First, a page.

This is partly where the film gets into trouble. Fisk is presented as a rather lovable old scoundrel and it’s hard to buy his sudden descent into Napoleonic power mongering. And it’s never clear if we’re supposed to be cheering for these people or not. Cary Grant is left in the slightly awkward role of both sidekick and moral conscience, which he does inhabit with flair. In fact, the film can’t seem to decide whether or not it’s a romp through the Gilded Age or a more serious drama about the abuses of the robber barons.

Edward Arnold, it must be said, also inhabits his role with flair. His is the pathos and comedy – the rest are supporting players. Though I have to admit his character is an odd one for the times. He even wears a uniform and has his own regiment, protecting his house and trying to rise above the little people. How did this not look like fascism in 1937? I kind of lovable fascism? It seems to hearken to a later, far more sinister role for Arnold with J.P. Norton in Meet John Doe.

Frances Farmer as Josie Mansfield also seems to inhabit a rather odd place in the film. She’s supposed to be ambitious, accepting favors from Fisk and getting ahead in her career on the strength of his influence alone, and yet she’s not nearly hardcore enough to make us quite believe the character. Apparently Frances Farmer did argue for tweaking the role a little, but she was largely ignored.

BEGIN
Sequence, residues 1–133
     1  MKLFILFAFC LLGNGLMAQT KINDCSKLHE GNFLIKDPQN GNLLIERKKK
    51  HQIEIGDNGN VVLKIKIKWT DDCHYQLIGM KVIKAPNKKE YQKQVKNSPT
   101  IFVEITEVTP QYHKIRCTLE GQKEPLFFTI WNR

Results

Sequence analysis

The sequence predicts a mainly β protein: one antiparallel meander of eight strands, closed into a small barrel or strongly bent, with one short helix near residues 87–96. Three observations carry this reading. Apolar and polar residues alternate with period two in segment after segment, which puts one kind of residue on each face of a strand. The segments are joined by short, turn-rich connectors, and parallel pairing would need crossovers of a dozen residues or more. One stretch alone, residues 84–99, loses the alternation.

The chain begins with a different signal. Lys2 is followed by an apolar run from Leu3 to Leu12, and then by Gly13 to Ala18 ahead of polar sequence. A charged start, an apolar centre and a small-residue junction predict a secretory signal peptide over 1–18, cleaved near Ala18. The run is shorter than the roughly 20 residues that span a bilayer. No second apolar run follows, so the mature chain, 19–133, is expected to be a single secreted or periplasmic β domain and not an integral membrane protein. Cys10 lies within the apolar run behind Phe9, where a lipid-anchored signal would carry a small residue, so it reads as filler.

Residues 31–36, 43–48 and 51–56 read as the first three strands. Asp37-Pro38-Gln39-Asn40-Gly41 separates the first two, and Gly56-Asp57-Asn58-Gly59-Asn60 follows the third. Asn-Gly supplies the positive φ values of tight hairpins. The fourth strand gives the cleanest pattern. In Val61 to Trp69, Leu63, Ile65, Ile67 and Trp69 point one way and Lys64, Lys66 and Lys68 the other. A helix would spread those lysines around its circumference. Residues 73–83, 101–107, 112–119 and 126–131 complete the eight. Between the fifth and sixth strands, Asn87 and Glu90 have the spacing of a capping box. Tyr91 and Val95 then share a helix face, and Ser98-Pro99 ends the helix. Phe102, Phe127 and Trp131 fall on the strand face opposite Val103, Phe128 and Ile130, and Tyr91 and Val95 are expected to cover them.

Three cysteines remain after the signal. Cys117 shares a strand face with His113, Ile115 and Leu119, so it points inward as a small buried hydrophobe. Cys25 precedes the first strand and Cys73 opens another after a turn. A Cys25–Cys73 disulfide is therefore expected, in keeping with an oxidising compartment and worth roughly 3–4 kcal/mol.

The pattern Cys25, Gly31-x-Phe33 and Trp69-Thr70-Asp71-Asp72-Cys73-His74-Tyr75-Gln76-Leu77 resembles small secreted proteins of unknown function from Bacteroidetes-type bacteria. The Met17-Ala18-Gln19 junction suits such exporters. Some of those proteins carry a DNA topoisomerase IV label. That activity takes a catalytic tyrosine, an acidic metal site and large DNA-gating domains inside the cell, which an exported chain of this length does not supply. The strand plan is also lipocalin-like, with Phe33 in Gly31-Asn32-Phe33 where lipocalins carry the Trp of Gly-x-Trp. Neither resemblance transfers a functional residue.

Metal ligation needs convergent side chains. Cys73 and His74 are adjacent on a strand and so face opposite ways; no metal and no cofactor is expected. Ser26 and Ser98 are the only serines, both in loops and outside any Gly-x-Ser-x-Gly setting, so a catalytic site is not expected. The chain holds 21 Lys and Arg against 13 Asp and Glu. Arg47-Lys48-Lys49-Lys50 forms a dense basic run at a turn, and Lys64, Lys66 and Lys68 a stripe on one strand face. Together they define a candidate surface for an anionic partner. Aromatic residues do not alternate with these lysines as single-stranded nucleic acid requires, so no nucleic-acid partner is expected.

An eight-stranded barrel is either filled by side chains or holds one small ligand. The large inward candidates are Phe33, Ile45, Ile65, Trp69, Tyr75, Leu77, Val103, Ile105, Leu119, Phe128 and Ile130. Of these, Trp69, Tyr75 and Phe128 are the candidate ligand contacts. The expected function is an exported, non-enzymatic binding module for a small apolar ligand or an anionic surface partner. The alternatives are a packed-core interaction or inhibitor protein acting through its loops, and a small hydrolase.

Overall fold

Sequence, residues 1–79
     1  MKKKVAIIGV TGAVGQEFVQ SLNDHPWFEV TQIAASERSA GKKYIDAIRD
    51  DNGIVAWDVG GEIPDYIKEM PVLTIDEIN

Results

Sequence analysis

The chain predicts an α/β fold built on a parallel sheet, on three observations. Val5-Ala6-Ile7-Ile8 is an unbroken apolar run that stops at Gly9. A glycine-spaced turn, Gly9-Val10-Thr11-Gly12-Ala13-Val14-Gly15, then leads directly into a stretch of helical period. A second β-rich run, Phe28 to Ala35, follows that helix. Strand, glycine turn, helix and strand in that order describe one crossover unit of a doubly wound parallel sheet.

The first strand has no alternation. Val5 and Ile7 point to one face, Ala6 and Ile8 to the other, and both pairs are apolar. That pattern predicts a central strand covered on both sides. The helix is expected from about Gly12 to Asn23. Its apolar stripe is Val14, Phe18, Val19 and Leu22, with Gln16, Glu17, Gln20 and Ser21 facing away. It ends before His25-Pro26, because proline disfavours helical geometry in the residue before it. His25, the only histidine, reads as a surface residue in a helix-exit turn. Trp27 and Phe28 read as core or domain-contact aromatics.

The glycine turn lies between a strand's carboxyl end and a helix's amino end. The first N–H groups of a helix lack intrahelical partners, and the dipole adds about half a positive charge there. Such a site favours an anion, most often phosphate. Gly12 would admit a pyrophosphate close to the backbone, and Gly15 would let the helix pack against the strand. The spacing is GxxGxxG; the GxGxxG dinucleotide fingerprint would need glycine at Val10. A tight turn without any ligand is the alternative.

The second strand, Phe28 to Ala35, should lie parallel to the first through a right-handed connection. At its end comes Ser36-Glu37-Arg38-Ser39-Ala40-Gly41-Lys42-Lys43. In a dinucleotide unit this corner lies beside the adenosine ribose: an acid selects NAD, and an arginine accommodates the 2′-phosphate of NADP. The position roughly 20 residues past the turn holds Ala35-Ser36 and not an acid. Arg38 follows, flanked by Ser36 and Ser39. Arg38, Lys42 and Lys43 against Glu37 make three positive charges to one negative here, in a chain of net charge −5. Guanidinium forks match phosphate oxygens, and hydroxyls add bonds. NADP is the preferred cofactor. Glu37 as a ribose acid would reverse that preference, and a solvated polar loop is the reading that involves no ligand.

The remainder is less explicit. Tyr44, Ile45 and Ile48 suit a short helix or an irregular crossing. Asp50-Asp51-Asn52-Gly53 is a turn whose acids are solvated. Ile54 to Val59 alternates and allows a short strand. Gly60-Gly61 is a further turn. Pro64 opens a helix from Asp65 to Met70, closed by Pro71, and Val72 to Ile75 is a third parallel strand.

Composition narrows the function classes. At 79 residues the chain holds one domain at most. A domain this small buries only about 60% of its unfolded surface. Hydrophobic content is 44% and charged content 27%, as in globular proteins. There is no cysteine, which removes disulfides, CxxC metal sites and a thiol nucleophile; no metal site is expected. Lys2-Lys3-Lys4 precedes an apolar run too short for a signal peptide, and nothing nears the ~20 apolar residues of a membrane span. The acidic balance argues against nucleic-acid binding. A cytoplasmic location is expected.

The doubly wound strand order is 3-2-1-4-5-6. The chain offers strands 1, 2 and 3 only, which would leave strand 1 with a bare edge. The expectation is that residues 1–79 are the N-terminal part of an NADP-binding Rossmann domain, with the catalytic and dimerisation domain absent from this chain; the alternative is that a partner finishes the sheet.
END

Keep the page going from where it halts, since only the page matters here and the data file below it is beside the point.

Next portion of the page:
The real story of James Fisk and Josie Mansfield is actually far more interesting and would have made a fascinating movie, though not a particularly edifying one. The real Fisk was an associate of perhaps the ultimate Robber Baronl, Jay Gould (who seems to have disappeared in the movie), and together they tried to corner gold. But unlike the movie, neither man was ruined by the venture and actually emerged richer than ever. Fisk was married, but enjoyed a number of affairs, most openly and famously with Josie Mansfield. But when she fell in love with a younger associate of Fisk’s, she tried to blackmail Fisk into giving her a settlement. When Fisk refused, Josie Mansfield’s new lover shot Fisk dead.

So if the movie had been closer to real life, Frances Farmer should have tried to blackmail Edward Arnold and Cary Grant should have shot him. Instead, Arnold dies rather heroically, surrounded by his friends and the woman he loves.

annex-grant-cary-toast-of-new-york-the_02

Cary Grant is getting jealous

Some of the events in the movie did really happen, though. Fisk’s tussles with Vanderbilt, his flight to New Jersey to avoid getting arrested, the attempts to corner the gold market.